A Trip to Isle of Mull: The Island of Seasons
As I packed ruthlessly, shoving a few essentials into a stretching rucksack, I could hardly claim I had prepared for this holiday. Somehow the excitement of the grand graduation present to myself, a few days exploring the Isle of Mull, had been compressed by weeks of library trauma and the wounds still hadn’t quite healed.
Shamefully during my student years in Glasgow, I had seen less variety of Scottish landscape than strangers’ high-ceiling bedrooms. The closest I had come to the Hebrides was Ewan McGregor’s lullaby voice on BBC 2, as he appeared to soar with the birds of prey, caressing my laptop screen and speaking in unison with the aviary.
Finally ready to brace the birdsong myself, by train and ferry, I arrived on the island completely unprepared for the strong claw-hold this prehistoric scenery would impress on me.
Upon arrival, mountains dropped down into mysterious crevices lined by shrunken pines and the immediate wildness made me question the endurance of human activity here. The scarred fields we rode past on the way to the cottage were marked by petrified trees, bent over onto their sides, posing as hunchback old women with crooked fingers. These battle scars endured by the raging winter warfare screamed of harsh Januaries, now unimaginable under the June blue sky.
Our accommodation appeared as an oasis in the desert of dramatic conflict. A few friends and I had rented an artist’s cottage and were privileged enough to experience its image once splashed over the pages of the telegraph magazine, in the flesh and mortar. As we pondered over the laminated article we matched the glossy pictures to the real dark-wood floors and varnished four-poster beds. Outside, through the gap in a locked corrugated iron hut, we spied the beginnings of a driftwood sculpture and a few half-finished canvases.
The next morning, the window in our scenic bathroom tempted me to look out onto a rural idyll I savored all the more knowing it would too soon be snatched away by city fumes.
After a wash in the Victorian tin bath, I set out for the sea, reaching the end of the narrow road that already sizzled in the morning heat. The next path leading behind the nearby hotel became immediately apparent. The term “hotel” seems ambitious for what is actually a collection of small wooden cabins rounded off by a sparsely furnished trailer facilitating the running of the tiny airstrip that stood between the open water and me.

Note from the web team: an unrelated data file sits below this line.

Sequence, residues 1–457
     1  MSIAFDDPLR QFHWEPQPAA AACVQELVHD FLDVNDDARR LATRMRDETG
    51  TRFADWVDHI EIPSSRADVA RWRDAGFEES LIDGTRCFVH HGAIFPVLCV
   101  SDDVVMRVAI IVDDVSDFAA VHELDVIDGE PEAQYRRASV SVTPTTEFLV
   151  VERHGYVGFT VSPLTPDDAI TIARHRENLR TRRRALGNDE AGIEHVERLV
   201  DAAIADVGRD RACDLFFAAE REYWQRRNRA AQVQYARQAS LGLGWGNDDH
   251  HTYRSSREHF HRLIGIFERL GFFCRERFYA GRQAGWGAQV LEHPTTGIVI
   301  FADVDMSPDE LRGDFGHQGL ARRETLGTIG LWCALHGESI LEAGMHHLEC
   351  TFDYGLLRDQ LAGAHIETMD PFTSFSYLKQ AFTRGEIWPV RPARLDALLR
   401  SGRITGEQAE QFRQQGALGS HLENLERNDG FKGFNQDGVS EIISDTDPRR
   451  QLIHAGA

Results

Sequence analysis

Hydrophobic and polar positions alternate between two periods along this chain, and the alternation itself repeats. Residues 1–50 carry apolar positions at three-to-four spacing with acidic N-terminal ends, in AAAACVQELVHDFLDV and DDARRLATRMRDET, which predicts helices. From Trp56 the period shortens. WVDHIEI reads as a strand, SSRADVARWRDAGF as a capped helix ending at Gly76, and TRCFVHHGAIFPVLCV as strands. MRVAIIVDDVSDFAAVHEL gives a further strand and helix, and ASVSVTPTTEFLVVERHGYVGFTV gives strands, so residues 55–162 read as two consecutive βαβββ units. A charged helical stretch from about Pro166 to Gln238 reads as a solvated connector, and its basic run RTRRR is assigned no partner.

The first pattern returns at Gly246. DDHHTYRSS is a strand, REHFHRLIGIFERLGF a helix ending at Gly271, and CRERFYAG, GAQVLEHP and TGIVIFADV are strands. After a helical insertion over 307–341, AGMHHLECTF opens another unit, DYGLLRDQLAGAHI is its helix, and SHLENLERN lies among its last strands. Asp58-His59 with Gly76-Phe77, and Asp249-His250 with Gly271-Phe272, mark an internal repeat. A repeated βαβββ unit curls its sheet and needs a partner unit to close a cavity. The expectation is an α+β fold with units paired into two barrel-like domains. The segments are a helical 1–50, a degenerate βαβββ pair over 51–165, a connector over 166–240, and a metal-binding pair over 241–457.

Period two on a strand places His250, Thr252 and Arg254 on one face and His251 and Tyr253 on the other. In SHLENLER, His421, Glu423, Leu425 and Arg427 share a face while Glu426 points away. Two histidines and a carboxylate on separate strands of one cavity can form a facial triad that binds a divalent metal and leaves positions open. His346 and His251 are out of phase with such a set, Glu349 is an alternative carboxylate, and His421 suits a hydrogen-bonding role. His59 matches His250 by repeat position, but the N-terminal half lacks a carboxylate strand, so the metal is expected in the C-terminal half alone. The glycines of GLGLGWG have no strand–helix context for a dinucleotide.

As I reached the kissing gate, a large blue sign stating “Airfield. No Admittance” was being clearly ignored by two men. One of them leaned his elbow over the metal door and recited his morning toilet routine to another man of equal hardy and brisk manner.
I was quickly learning that the island demands a certain posture of men who are willing to endure the elemental contradictions of its extreme seasonal weather. As I followed their lead into the airfield I reached the other side, still formally holding a towel clamped under my armpit, and jogged towards a viewpoint. As I stood in the long grass looking out onto the misty lagoon, unsuspecting orange beaks had perched themselves collectively on the sand.
From here I could see whole low-lying clouds, fully formed as if in my living room, frosting the surrounding mountains. To the north the clouds smoked as if signaling the initiation of an ancient Native American ritual, while others strode out to sea, suspended moments above the millpond. To the east, framed by a layer of pine trees, the meeting mountains were only visible by snapshot, reaching down inside the dark space between their edges, only fully known to itself. Out in the clear blue, the bay curved around into the distance promising to loop back continuously to sustain the borders of the island.
The strange inconsistency of the Hebrides became clearer to me as we walked in a line along the narrow roadside. In between the thick hedgerows breathing life into the man-made tarmac itself, I glimpsed a wild-eyed man standing in front of his white van, holding a meat-cleaver. Not fully registering the clear signpost for the local abattoir, I was at first alarmed by a sight made familiar by reels of slasher horror films. Shaking off the cliché of a lonely man in a bloodstained coat too long alone with red carcasses, I considered more carefully this image as a violent reminder of the harsh winter existence endured by the persistent islanders, glazed over for us by a shimmering veil of summer cobwebs.
Those delicate and fragile structures trap the temporality and unbounded nature of a holiday. But when this web is easily brushed away, beneath lies the piercing, jagged jaws of a rock-hard season-dependent life. With each hack, this strange and uncanny man cut deeper into the carcass of an island vulnerable to the extreme elements. As he loaded his van with the dripping meat, I saw thunder and lightening strike the exposed ribs as if to give me a glimpse of the Isle of Mull’s raw surface, which is torn and battered at the mercy of the unforgiving and unpredictable weather.
I blinked and waved through the immediate sunlight. On the return walk home the abattoir house had an iron shutter over its door. The man and the van were gone. I was left to enjoy the rest of my well-earned rest; a fleeting brush with natural springs formed by a dislodged boulder during a recent storm, a few naked midnight swims against the crashing tide.
For a city girl hidden in the dark halls of academia for the past four years this was exactly the light at the end of the tunnel. But still, I couldn’t tear myself away completely from the thought of those that chose to stay and play a part in the harsh theatrical, even mystical, cycles of Isle of Mull’s climactic stage set.